7.  Contract with design firms to receive a portion of “allocation” of the 179D project tax deduction or credits. Previously, only public agencies were allowed to “allocate” the deduction.

8.  Work with new tax-exempt incentive candidates to help identify IRA opportunities and limitations (The IRA has expanded allocation recipients to all tax-exempt entities, including charitable organizations, religious institutions, private schools or colleges; private hospitals, museums, tribal governments, and other organizations).

9.  Educate owners, developers, tenants and other taxpayer entities about the role of commissioning in obtaining certified documentation and receiving incentives

10. Help clients (owners, designers, developers, construction firms and others) understand the benefits of facility-related and workforce-related changes to their tax structure.

New Mandated Eligibility and Inclusion Requirements
Inclusion of not-for-profits, instrumentalities and Tribal Government buildings – Designers of energy systems in these buildings are now allowed to claim the 179D deduction for qualifying projects. Another new category of commercial buildings is hospitals. For the first time effective January 1, 2023, all hospitals can directly claim 179D tax benefits.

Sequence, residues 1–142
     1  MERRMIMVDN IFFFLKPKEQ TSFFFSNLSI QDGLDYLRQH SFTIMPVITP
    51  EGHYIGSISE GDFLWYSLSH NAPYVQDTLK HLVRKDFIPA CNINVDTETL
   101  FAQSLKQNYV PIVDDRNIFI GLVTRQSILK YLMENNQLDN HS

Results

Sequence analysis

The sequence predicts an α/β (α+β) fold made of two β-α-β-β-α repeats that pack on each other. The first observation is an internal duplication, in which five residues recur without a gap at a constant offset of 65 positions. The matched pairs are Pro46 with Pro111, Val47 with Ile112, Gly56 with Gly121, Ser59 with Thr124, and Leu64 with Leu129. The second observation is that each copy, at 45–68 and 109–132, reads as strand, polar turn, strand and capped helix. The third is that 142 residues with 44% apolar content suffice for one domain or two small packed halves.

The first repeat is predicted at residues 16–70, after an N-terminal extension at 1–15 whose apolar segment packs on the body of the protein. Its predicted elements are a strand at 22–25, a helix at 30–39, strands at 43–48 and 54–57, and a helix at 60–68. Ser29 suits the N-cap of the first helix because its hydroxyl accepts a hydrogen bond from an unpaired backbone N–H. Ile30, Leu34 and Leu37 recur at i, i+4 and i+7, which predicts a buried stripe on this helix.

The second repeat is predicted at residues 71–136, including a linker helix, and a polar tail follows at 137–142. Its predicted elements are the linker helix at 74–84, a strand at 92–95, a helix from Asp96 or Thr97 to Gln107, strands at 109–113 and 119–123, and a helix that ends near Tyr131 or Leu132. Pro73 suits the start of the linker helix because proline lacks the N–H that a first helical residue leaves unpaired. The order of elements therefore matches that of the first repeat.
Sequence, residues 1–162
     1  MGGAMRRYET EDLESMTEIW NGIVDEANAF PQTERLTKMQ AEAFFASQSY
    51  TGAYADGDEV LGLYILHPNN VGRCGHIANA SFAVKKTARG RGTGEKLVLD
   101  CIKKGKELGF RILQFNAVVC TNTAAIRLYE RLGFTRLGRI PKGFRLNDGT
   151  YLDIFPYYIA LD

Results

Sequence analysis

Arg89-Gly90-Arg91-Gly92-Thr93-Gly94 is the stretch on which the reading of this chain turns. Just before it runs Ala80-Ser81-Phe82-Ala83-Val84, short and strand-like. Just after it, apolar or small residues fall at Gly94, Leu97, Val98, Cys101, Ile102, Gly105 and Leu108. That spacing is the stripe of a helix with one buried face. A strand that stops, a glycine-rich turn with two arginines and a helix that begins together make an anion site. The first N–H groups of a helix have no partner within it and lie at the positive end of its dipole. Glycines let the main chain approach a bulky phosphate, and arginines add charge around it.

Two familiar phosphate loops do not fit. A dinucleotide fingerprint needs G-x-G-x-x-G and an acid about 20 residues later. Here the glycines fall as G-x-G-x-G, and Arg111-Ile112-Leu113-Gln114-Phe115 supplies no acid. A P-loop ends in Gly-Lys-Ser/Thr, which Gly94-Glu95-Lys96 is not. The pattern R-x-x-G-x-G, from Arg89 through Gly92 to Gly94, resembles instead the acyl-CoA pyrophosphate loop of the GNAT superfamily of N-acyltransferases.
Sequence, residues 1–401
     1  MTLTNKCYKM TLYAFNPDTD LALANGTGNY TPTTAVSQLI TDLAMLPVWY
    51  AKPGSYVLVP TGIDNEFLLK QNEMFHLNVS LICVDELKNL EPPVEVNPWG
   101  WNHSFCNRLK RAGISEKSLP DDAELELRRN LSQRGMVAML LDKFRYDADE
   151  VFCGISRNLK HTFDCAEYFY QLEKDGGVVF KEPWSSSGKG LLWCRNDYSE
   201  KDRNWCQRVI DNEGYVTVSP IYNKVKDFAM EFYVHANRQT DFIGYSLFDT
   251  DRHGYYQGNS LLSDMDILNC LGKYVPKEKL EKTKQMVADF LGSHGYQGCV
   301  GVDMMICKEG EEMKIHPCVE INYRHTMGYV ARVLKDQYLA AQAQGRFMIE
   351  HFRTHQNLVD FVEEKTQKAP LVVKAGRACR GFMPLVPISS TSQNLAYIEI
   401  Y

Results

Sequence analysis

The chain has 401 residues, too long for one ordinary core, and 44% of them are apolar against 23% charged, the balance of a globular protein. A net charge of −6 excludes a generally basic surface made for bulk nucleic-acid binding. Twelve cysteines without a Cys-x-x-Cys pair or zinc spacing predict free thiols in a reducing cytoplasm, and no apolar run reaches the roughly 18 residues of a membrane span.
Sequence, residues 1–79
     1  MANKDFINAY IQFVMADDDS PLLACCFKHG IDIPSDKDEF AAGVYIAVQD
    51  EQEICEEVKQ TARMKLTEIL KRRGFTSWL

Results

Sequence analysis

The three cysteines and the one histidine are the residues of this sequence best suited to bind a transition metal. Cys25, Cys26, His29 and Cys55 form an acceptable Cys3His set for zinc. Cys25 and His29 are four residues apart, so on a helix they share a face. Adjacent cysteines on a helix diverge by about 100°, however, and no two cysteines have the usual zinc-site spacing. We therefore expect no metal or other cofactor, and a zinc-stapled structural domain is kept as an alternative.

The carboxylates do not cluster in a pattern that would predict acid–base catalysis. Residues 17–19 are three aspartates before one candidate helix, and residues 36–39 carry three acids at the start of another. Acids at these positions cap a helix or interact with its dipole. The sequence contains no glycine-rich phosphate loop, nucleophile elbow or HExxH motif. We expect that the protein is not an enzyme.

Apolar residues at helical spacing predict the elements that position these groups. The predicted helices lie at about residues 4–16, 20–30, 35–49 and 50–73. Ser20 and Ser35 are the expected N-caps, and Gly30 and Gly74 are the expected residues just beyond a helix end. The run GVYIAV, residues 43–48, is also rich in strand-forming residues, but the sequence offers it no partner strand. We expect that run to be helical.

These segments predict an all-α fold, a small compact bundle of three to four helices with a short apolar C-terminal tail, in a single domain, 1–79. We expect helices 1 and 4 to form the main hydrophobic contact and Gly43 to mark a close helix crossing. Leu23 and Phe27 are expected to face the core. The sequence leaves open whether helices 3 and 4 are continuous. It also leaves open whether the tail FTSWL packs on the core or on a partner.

Building Size and Energy Efficiency Threshold. The base building square-foot limitation for purposes of computing the deduction is now 50 cents for property meeting the minimum certified energy-efficiency threshold and is increased by 2 cents for each energy-efficiency percentage point above the minimum, to a maximum of $1 per square foot of building space. The minimum threshold in annual energy and power costs is a 25% reduction as compared to a reference building.

Building Size and Prevailing Wage/Apprenticeships. The building square-foot limitation range is now $2.50 as the base and $5 as the maximum for taxpayers that meet new requirements that mandate 1) prevailing wages, and 2) a percentage of labor hours on the project are performed by individuals in an apprenticeship program, depending on the building’s energy efficiency level. For projects that do not meet prevailing wage and apprenticeship standards, the deduction level range will be between $0.50 and $1.00 per square foot.